Mo Hassan, a talented freshman from Coquitlam’s Centennial Centaurs, coming off an injury-plagued Grade 12 season, is also a running back to watch.
Right off the top, Nill boldly calls this group his No. 1 overall incoming class of linebackers, so it goes without saying he feels it’s a group full of home run hitters.
A core of returnees in Dylan Chapdelaine, Dante Vigini, Evan Horton and Charles Nwoye will be both fortified and challenged by a freshmen quintet culled from across the country.
“I think we have a number of (incoming) guys, all in the 6-4-to-6-5 and 230-pound range who all move well, and are all long and lanky.”
Vernon Secondary’s Ben Hladik (6-foot-5, 230 pounds) was so highly sought by Nill that he was the first player in the Class of 2017 to sign, committing to the ‘Birds just one week into the 2016 season back in September.
In February, the ‘Birds plucked a pair of players out of Hamilton in Elliot Graham and Isaiah Joseph.
Graham, 6-foot-3 and 225 pounds, helped his Westdale Warriors to a provincial title as a Grade 11, while Joseph, originally out of Cathedral High, is the same size and a year older, spending last season at Welland’s Canada Prep Academy.
And then in March, Nill continued to reap the rewards of his Calgary roots in signing a pair of multiple-position players from the same high school.
Kale Berglund, a 6-foot-5, 225-pounder who spent a lot of time as a defensive end, and 6-foot-4, 230-pound Alex Fedchun who also spent most of his time along the line, both played for Earnest Manning Secondary.
“Those two were among the two best recruits in the country,” said Nill, “and the Earnest Manning coaches have worked so well to develop and showcase their players for us.”
Cole Barron, a 6-foot, 225-pounder from Holy Cross, has also been an impressive part of a deep incoming class.
“They are going to be the kind of guys who will have an impact in our (3-4) defence,” said Nill. “We need transitional athletes that can both get to the line of scrimmage and into coverage situations.”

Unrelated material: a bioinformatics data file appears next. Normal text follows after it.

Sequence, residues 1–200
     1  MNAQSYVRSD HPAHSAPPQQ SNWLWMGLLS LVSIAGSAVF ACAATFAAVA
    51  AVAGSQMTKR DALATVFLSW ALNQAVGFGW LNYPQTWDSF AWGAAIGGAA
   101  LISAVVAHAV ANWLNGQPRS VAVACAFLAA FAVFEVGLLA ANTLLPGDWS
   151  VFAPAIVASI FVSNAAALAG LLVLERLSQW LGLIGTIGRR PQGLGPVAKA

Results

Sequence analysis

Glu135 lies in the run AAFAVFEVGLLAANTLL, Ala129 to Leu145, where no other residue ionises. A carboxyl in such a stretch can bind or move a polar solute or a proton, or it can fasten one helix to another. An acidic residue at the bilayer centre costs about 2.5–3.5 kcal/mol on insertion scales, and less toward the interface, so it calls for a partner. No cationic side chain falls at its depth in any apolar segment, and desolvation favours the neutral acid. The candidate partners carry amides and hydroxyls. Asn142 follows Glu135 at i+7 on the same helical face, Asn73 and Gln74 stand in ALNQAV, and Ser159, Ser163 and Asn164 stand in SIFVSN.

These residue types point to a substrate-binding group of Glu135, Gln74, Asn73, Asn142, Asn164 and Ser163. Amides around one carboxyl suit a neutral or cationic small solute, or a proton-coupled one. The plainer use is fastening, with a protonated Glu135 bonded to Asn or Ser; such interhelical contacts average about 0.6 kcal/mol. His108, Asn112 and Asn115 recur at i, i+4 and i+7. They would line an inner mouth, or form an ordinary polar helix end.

Yes, there was a lack of depth across the board for UBC in 2016, but more specifically, this is the unit that was most affected by injuries.
Veteran Alex Morrison and multi-skilled Marcus Davis who impacts the entire offence, were the two biggest hits, but as well, injuries in the defensive secondary forced Trivel Pinto to become a modern-day two-way marvel.
Pinto, Will Watson, Marshall Cook and promising Trey Kellogg are all back, yet the core still needs depth. Kellogg quarterbacked Team South as a high school senior in 2015 Football Alberta Senior Bowl where his running back, Kubongo, set a new standard for the showcase tilt with 197 rushing yards to go along with a touchdown.
“To be honest, the receiving core last year, I thought under-performed and that’s not a knock on any one player,” said Nill. “But we were not able to compete at the
same level as we did in 2015. Part of that was due to injuries, part due to a couple of players moving around.”
Nill hasn’t remain static over the off-season.
“One of the primary goals was to send a shockwave through that positional group,” he admitted. “We weren’t going to be completely satisfied by just bringing in high school kids to compete. We are bringing in impact guys right away.”
That experience includes the likes of B.C. Football Conference transfers Lliam Wishart (Kamloops-Valleyview) and Keenan Godden (Abbotsford-W.J. Mouat).
As well, former St. Thomas More standout J.J. DesLauriers has transferred to the Point Grey campus from Simon Fraser.
DesLauriers is the eighth member of the storied football family to have played at either UBC, SFU or both.
“At spring camp all three of those guys were taking first-team reps,” said Nill.
But it’s not like there isn’t room for pure frosh impact. Marcus Browne, the younger brother of ‘Birds rising third-year basketball guard Taylor, arrives at 6-foot-5 and 200 pounds with a penchant for contact.
“He is arguably one of the top kids in the province,” Nill said of Browne, “so we’ve got a combination of athletes in that positional group that will force change through competitive integrity.”
We’ll break down other UBC positional groups in the run up to the ‘Birds 2017 Canada West opener Sept. 1 at Regina. UBC plays its home opener Sept. 9 against Manitoba.